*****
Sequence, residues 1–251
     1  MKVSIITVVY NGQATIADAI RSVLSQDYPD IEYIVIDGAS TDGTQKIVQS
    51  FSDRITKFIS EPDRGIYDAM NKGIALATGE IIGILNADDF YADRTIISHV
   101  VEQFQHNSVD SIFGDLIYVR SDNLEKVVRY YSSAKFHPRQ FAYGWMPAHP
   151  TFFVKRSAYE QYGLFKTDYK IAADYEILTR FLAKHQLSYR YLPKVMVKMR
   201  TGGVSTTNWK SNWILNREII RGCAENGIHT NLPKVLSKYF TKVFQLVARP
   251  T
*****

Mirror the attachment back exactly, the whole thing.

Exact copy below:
Sequence, residues 1–251
     1  MKVSIITVVY NGQATIADAI RSVLSQDYPD IEYIVIDGAS TDGTQKIVQS
    51  FSDRITKFIS EPDRGIYDAM NKGIALATGE IIGILNADDF YADRTIISHV
   101  VEQFQHNSVD SIFGDLIYVR SDNLEKVVRY YSSAKFHPRQ FAYGWMPAHP
   151  TFFVKRSAYE QYGLFKTDYK IAADYEILTR FLAKHQLSYR YLPKVMVKMR
   201  TGGVSTTNWK SNWILNREII RGCAENGIHT NLPKVLSKYF TKVFQLVARP
   251  T